No. 2 5 I I I 0 0

5% 6 I4 3 3 3

No. 0 0 0 0 I I 0

7 7

of patientsobserved.

selves, could be eliminated by one half to two thirds of a curative dose, ie., 4000-5000 rad. After these peripheral micro-foci are eradicated, the main body of the tumor mass is removed by the operation. Thus, cure is likely to be achieved as indicated in Fig. I. Those who favor the postoperative irradiation, do so because there is lower incidence of operative complications. The operation can be done without delay and the patient can be referred directly to the radiotherapist after the operation. The argument against postoperative is that the blood supply of the tumor is reduced by the operation. Hence, the peripheral micro-foci are rendered radioresistant by the fibrosis resulting from the operation. Although the main body of the tumor is removed by the operation, local recurrence is likely to arise from the peripheral micro-foci. Thus postoperative radiation may lead to more failures. If this dose was given preoperatively, the peripheral micro-foci may be eliminated, which would substantially facilitate the cure after surgical removal of the main tumor mass. The main body of the tumor in the center, being radioresistant by the coexisting edema, infection, hypoxia and necrosis, would be removed by the operation. Moreover, the partial “devitalization” of the tumor cells dislodged either into the wound or the blood stream would be difficult to establish as cancerous foci. These speculations all have factual basis.2,h The results of the present series speaks strongly for the preoperative irradiation which gives more than twice the chance of being cured. The most important factor for cure is the proper sequence of combining radiation and surgery and is not the institution where the treatment was given. Table 8. 30 causes of failure in 25 cases Incidence Cause of failure

Fig. I. Schematic illustration of treatment of cancer by combined radiation and surgery. a. The central main body of tumor and the peripheral micro-foci infiltrating in-to the surrounding tissues; b. The convergent cross-fire of pre-operative irradiation annihilates the peripheral micro-foci but the radio-resistant main body of tumor remains; c. Theoperation removes the main body of tumor and, consequently; d. The operative field heals. Local recurrence is less likely.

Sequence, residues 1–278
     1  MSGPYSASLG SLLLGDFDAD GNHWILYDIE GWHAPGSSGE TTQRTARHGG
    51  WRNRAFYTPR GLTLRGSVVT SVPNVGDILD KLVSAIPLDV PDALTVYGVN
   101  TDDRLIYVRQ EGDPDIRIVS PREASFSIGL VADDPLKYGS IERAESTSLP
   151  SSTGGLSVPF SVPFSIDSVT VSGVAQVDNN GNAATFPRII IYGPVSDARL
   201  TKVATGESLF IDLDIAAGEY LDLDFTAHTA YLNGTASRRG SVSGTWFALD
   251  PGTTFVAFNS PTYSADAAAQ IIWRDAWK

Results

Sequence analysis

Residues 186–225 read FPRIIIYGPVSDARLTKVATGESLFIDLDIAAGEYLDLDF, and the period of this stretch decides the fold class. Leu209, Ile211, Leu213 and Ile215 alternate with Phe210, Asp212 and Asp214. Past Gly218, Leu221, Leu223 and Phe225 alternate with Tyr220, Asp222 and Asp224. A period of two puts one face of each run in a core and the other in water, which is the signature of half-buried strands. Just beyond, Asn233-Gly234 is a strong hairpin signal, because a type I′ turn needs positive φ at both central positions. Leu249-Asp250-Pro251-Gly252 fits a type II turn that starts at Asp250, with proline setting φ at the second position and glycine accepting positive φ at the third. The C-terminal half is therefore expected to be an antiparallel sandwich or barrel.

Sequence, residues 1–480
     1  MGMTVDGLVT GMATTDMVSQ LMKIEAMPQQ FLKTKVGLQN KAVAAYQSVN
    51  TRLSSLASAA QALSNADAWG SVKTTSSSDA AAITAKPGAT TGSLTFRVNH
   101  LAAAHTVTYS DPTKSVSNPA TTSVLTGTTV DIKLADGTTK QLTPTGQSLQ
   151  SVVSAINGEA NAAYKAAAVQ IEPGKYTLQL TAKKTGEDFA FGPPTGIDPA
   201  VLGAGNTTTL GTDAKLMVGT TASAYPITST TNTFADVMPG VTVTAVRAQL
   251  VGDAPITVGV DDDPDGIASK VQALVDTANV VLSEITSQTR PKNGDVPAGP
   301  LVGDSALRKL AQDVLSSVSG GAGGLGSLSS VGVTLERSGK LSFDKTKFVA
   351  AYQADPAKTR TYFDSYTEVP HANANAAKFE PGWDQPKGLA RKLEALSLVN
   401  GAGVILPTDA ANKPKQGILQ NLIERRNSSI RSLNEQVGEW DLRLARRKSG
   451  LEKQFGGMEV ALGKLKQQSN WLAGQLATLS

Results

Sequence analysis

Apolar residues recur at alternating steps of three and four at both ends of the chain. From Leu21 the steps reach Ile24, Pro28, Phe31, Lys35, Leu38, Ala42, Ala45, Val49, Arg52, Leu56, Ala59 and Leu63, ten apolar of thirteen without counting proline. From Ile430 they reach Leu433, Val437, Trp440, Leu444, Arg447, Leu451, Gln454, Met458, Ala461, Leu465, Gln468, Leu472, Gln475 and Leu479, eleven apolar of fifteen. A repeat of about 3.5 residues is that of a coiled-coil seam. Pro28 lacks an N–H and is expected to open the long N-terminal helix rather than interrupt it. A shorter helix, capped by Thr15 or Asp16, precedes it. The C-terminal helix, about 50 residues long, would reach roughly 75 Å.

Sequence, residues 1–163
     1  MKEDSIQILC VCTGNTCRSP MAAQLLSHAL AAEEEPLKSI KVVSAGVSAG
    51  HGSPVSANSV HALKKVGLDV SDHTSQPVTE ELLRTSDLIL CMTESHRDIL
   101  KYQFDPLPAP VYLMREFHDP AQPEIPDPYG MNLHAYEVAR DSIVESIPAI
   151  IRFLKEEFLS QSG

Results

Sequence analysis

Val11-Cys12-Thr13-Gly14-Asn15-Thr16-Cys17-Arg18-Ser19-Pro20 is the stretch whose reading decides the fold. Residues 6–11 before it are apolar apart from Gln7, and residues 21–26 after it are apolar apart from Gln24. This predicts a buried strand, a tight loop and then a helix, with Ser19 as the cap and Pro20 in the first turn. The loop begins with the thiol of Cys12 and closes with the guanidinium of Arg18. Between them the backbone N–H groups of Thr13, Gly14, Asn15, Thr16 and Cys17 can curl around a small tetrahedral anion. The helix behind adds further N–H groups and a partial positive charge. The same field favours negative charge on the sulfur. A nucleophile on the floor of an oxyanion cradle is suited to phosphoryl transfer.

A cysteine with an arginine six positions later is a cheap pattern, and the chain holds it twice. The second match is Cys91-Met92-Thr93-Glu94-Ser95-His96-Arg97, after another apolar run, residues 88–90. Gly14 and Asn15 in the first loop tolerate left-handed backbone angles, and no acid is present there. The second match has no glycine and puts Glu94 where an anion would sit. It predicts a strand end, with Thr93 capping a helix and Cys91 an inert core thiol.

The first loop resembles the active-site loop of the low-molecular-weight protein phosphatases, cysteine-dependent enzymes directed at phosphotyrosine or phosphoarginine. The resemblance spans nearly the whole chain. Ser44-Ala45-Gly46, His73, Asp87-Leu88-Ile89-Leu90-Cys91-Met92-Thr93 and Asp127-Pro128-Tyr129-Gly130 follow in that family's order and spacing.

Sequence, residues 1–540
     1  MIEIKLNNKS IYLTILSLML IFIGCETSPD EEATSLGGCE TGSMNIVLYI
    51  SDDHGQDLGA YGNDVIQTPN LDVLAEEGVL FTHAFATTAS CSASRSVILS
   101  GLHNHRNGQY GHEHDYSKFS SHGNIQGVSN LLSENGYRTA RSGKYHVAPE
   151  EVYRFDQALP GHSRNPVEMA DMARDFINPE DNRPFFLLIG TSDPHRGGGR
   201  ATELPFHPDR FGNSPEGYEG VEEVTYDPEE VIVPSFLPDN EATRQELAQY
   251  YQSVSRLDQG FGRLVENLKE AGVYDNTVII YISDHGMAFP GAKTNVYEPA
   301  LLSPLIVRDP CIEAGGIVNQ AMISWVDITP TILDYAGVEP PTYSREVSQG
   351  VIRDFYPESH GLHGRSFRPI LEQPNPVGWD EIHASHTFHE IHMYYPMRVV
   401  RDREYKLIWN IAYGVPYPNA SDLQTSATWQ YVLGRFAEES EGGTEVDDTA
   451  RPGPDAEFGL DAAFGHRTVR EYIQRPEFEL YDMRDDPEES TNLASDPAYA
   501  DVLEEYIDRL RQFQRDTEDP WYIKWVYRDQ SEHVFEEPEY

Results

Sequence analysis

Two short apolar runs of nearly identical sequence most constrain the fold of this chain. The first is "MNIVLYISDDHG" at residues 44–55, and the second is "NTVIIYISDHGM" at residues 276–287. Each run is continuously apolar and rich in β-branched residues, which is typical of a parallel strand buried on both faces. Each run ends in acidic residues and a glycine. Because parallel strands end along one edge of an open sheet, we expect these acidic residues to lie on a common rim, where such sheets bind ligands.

Not related to cancer Not recorded Distant metastasis Neck metastasis Local recurrence

2 I9

20 6 3 I 65




6 2






Table 9. Site and distribution

HL PI al.

of 19 local failures Site

Incidence Posterior Wall

Buccal mucosa

Nasal Septum




Pre-group Post-group

9114 IO/II

64 91

5 8


















The results of our analysis indicate that cancer of the maxillary sinus should be treated by the combined approach whenever possible. Preoperative irradiation is preferred to postoperative irradiation, inspite of higher incidence of minor surgical complications. Cause

of failure

Table 8 shows the cause of failure. Among the 30 causes of failure in 25 patients, there were 19 local recurrences, an incidence of 65%, which shows the most



common cause of patients’ death, in our series, was local recurrence. Table 9 shows the site of local faliure. In the post group, IO of the I I patients (91%) who we did not cure failed locally. In the 9 patients, 5 (55%~) had recurrence in the posterior wall. From our series, the posterior wall was the predilection site of local failure both in the pre- and post-groups, although it seemed to be more common in the post-group. To reduce the chance of recurrence at the posterior wall. the dose at that site is preferably to about 6000 rad.


Busche, F.. Galante, M.: Radical preoperative roentgen therapy in primarily inoperable advanced cancers of the

head and neck. Radiology 73: 845-848, 1959. 2. Dept. ENT, Peking Union Medical College Hospital, Analysis of I565 tumors in the ENT region. Chin. J. Ofolar~~gol. 6: 370-373, 1959. First Teaching Hospital, Xian Medical 3. Dept. Oncology, College. Advanced cancer of the maxillary sinus-analysis of 107 cases. Prevention Treat. Cancers 4: 304-308, 1977. Oncology, Ritan Hospital. Results and 4. Dept. Radiation Innovation of Radiotherapy for Cancer of the Maxillary sinus-analysis of I48 cases. Prevention Treat. Cancers 4: 31 l-316, 1976. Ritan Hospital. 5. Head and Neck Section, Dept. Surgery, The combined treatment of the Cancer of the Maxillary sinus. Academic Supplement, Ritan Hospital 20th Year Anniversary. 1978, pp. 490-496.

6. Hoye, R.C.. Smith, R.R.: Electiveness preoperative irradiation in preventing cell dessemination at surgery. (hncer

of small amounts of the growth of tumor 14: 284-295. I96 I.

7. Jesse. R.H.: Pre-operative versus postoperative radiation in the treatment of squamous carcinoma of the paranasal sinuses. Am. J. Surg. 110: 552-556, 1965. 8. Sato, Y., Morita, M.. Nomura, Y., linuma. T., Hiraide, F., Miyakawa. K., Inoue. N.. Kodera, K.. Kaga, K., Ishii. T., Takahashe. H.: Treatment of malignant tumor in the head and neck.-Interdisciplinary collaboration of surgery and radiotherapy. Jap. J. Clin. Oncol. 12: 63-75. 1973. 9. Sisson, G.A.: and summary). IO. Tianjin cancer 1974.

I I I Symposium-paranasal Laryngoscope

sinuses (Discussion 80: 945-953. 1970.

People’s Hospital. The combined treatment of of the maxillary sinus. Tianjin Med. 2: 395-399.